Another problem with speech restrictions is that it is extremely difficult to keep them limited. One reason why we need constitutional protections for free speech, is that government cannot be trusted to restrict only the genuinely awful speech, while leaving the rest alone. To the contrary, censors have strong incentives to target critics of the government more generally and also any expression that is widely unpopular, regardless of its true merits.

This danger applies to speech-based restrictions on international travel as well as to more conventional “internal” censorship. In the US, nineteenth and early twentieth century efforts to bar immigrants based on views that were supposedly inimical to American republican institutions were closely linked to racial, ethnic, and religious bigotry against Asian, Catholic, Eastern European, and Jewish immigrants. In the 1930s, concerns about their possible radical left-wing political views were one of the reasons cited for barring Jewish refugees from Nazi Germany.

Just last year, in the travel ban case, the US Supreme Court cited earlier decisions upholding laws barring entry to foreign communists as in order to uphold Donald Trump’s policy of barring entry to citizens of several Muslim-majority nations—a policy clearly motivated by religious bigotry. For reasons explained in an amicus brief I coauthored in the travel ban case, I believe the earlier precedents were distinguishable, and did not actually require a decision in favor of the travel ban. But it is in the nature of dangerous precedents that their reach is often difficult to confine. The entire history of speech restrictions reinforces that lesson.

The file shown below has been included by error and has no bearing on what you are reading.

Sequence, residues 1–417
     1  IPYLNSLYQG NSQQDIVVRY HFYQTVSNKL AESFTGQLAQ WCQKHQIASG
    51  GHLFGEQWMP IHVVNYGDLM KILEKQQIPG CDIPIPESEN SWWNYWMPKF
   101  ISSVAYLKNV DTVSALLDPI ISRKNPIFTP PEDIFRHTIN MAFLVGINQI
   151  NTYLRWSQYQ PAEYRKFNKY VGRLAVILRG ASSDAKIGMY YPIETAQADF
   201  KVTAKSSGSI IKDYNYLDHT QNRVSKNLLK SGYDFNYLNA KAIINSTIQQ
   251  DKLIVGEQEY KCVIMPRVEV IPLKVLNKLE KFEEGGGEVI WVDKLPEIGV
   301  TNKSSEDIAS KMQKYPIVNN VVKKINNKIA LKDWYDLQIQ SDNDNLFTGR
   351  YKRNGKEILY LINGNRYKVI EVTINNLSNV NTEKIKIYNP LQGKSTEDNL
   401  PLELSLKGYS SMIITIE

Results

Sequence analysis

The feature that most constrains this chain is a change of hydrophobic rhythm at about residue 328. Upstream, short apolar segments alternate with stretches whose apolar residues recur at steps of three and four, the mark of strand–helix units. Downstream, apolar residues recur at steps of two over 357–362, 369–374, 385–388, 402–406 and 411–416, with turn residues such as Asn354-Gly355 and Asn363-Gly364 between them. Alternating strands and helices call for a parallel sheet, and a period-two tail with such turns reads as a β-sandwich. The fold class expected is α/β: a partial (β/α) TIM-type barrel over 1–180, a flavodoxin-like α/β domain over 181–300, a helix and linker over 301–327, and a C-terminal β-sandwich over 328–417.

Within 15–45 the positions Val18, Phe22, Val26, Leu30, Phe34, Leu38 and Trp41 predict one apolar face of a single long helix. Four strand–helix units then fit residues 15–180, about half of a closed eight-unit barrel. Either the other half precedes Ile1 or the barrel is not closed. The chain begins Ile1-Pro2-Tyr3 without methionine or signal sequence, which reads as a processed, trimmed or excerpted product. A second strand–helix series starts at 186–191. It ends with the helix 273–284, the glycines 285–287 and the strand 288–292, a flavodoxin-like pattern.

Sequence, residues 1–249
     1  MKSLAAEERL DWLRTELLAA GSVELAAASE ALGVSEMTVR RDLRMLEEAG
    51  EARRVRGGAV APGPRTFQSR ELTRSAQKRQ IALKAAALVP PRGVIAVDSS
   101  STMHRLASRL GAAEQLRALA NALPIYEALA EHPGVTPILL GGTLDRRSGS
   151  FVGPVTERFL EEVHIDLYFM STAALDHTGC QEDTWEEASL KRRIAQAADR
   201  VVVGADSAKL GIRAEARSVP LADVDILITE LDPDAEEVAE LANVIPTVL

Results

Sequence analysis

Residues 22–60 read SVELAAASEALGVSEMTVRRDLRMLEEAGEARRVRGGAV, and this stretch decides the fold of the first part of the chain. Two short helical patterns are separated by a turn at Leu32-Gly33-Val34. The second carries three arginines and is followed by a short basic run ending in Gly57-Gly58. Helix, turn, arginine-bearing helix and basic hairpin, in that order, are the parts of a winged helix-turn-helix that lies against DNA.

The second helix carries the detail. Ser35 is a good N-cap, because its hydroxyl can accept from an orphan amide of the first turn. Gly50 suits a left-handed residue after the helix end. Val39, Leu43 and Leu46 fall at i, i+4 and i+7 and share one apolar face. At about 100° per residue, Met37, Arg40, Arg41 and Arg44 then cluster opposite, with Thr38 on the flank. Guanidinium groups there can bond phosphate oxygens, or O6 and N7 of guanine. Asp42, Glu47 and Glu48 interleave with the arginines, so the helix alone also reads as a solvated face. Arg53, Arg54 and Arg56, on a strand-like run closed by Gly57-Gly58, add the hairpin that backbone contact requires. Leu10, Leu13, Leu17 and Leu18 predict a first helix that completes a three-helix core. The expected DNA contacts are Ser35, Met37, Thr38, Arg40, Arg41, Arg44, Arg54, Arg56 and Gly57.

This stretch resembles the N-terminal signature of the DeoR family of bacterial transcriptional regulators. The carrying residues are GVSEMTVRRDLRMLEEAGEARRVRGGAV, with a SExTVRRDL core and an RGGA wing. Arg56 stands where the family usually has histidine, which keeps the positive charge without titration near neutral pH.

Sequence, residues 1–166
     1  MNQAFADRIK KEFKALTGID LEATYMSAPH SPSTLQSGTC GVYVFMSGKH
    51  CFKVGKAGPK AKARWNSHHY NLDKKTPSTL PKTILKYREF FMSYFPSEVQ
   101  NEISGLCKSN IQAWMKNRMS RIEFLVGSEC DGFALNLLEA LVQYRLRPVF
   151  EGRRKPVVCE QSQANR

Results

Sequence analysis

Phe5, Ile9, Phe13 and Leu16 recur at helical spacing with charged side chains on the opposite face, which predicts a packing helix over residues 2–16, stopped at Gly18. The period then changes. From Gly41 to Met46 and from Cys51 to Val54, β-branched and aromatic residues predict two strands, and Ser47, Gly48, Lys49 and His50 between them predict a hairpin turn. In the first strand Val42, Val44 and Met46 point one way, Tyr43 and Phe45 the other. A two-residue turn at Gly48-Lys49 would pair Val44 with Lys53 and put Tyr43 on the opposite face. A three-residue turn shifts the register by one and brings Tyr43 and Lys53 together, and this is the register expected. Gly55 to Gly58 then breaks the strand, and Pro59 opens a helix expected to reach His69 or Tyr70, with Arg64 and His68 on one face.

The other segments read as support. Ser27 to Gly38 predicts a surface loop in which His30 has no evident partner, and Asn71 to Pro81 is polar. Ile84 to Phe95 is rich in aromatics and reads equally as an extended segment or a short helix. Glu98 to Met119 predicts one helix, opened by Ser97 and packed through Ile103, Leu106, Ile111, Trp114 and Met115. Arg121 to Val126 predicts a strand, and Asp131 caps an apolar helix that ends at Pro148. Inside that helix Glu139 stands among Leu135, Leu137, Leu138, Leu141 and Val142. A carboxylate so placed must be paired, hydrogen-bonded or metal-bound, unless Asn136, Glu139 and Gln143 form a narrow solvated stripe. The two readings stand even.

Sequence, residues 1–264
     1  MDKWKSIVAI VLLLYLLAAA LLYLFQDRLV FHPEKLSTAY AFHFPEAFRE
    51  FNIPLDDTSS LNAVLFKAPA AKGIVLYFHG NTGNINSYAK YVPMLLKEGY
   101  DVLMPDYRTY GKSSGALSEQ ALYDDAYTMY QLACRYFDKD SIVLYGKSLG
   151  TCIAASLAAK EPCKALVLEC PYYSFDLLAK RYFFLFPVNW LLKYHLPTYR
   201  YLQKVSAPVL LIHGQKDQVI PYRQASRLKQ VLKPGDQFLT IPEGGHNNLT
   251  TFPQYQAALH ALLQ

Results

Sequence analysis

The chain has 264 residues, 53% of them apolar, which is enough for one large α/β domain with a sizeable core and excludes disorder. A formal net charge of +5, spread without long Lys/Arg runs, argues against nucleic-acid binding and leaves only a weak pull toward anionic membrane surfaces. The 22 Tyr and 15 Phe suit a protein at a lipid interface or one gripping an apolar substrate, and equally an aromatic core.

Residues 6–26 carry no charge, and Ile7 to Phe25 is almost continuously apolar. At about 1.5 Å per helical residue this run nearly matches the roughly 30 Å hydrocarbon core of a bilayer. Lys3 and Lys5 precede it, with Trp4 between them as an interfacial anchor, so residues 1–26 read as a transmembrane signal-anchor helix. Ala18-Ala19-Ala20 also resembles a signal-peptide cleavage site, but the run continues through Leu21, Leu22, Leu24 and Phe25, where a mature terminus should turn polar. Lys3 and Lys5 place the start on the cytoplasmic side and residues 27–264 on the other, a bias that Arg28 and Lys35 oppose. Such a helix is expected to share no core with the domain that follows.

In my view, freedom of movement is an important human right, even when restrictions on it are unrelated to speech. There should be a strong (though not absolute) presumption against restrictions. But even those who don’t place high value on freedom of movement, as such, should be troubled by the use of movement restrictions based on political views.

Some argue that governments have the right to restrict entry based on speech for much the same reasons as private homeowners have the right to exclude advocates of ideas they dislike from their property. I criticize this “house” analogy in detail here. For present purposes, I would emphasize that the house analogy would justify barring entry based on holding any views that the government happens to dislike, not just those that are especially odious. If a government wants to bar all conservatives from entering, all advocates of democracy, or all Zionists, the house analogy suggests they have every right to do so.